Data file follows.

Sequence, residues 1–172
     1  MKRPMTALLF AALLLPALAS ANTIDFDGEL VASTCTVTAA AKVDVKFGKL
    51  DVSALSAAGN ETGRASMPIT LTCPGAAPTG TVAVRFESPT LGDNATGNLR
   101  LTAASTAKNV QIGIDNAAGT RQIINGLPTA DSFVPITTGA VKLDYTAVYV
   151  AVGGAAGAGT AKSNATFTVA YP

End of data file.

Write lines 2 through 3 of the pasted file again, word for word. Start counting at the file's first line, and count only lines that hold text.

     1  MKRPMTALLF AALLLPALAS ANTIDFDGEL VASTCTVTAA AKVDVKFGKL
    51  DVSALSAAGN ETGRASMPIT LTCPGAAPTG TVAVRFESPT LGDNATGNLR